Fossil Fuels - At What Cost?
Globally, subsidies to fossil fuels may be on the order of US$ 600 billion per year, of which the GSI estimates about US$ 100 billion is provided to producers. Nobody knows the real number, however, because there is no international framework for regularly monitoring fossil-fuel subsidies.
In the Fossil Fuels - At What Cost? series, the GSI works to improve subsidy estimates by undertaking detailed surveys of fossil-fuel subsidies and their characteristics in different countries.
At What Cost? Government Support for Upstream Oil and Gas Activities in Russia?
The fourth report in the series Fossil Fuels – At What Cost?, a joint publication between GSI and WWF Russia, the initiator of the study, focuses on upstream oil and gas subsidies activities in Russia. At the federal level, the paper identifies 30 such subsidy schemes in 2009 and 2010; and quantifies the value of 17 of these, amounting in 2009 to US$ 8.1 billion and in 2010 to US$ 14.4 billion. The study concludes with a discussion of economic and environmental impacts of these fiscal instruments. It observes that the identified subsidies are largely focused on developing new fields, including in the Arctic, and not improving recovery and efficiency in existing fields. It also finds that Russia needs to establish a mechanism for monitoring and evaluating the impacts of these subsidies as part of fulfilling its G-20 and APEC agreement to phase out inefficient fossil-fuel subsidies.
At What Cost? Government Support for Upstream Oil and Gas Activities in Norway
The GSI’s third report in the series Fossil Fuels – At What Cost? identifies and estimates support for oil and gas production in Norway. This detailed analysis identifies nine subsidies, six of which totalled around NOK 25.5 billion (US$ 4 billion) in 2009. These subsidies include a tax reimbursement for exploration expenses, accelerated deductions on investments, research and development grants, the provision of seismic investigations by the Norwegian Petroleum Directorate, the provision of infrastructure and facilities by Gassco, and special treatment of the Snøhvit field in Northern Norway. The report analyzes the impacts of the three largest subsidies on government revenue, employment levels and carbon emissions. It also provides recommendations for the Norwegian government to improve the transparency of subsidy expenditures.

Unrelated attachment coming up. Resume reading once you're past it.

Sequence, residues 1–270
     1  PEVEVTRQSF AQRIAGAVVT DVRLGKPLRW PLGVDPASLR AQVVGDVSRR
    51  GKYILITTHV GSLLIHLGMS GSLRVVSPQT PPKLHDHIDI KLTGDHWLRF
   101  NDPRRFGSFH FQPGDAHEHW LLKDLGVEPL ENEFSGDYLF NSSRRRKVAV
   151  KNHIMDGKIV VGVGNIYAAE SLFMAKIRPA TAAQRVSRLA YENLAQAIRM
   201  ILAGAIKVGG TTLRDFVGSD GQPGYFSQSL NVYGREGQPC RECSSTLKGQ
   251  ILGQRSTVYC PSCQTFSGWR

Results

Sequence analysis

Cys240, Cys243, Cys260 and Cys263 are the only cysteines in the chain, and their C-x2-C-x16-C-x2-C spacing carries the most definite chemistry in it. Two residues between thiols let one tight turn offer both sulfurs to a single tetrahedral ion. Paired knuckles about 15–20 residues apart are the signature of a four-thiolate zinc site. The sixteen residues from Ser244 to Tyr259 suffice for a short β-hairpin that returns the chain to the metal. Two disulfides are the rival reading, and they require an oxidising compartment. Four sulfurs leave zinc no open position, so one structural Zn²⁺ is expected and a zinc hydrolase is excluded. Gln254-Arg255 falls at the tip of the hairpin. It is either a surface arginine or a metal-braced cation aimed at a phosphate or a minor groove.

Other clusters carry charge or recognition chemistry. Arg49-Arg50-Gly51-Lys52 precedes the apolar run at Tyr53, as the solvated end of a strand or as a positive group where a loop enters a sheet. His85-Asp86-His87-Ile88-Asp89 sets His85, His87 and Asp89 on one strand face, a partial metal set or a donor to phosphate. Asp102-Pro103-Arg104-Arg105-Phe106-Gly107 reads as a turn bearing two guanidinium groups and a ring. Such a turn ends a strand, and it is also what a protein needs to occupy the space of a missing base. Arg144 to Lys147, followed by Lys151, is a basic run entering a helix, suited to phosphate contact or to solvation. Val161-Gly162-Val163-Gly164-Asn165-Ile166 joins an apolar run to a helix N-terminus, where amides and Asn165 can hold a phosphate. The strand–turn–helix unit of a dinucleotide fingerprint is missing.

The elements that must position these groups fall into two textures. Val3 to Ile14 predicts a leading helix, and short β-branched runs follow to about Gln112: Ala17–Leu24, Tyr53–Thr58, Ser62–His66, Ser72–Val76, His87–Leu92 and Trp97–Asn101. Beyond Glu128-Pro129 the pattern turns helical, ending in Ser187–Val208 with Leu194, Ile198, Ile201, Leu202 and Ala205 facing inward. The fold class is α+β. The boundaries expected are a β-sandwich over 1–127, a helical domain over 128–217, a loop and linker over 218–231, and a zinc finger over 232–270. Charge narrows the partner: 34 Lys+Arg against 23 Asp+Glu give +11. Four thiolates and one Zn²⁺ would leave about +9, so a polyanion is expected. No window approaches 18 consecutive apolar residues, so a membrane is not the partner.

At What Cost? Government Support for Upstream Oil Activities in Three Canadian Provinces
The GSI’s second report in the series Fossil Fuels – At What Cost? identifies and determines the value and impact of oil production subsidies in Alberta, Saskatchewan and Newfoundland & Labrador. This detailed analysis is the first of its kind in Canada and allows appropriate comparisons of subsidies with other countries. It finds 63 subsidies at the federal and provincial level, amounting to C$ 2.84 billion in 2008. It also sets out the financial, economic and environmental trade-offs implied by the subsidies.
At What Cost? Government Support for Upstream Oil and Gas Activities in Indonesia
The GSI's first report in the series Fossil Fuels - At What Cost? studies the subsidies provided to fossil-fuel producers in Indonesia. It identifies three subsidies totaling US$ 1.8 billion in 2008. This is a lower-bound figure for Indonesia, as at least seven other potential subsidies were identified but could not be assessed or quantified based on available information. Further work could usefully be undertaken to assess the economic, environmental and social impacts of these subsidies in order to determine whether they should be kept or considered for reform.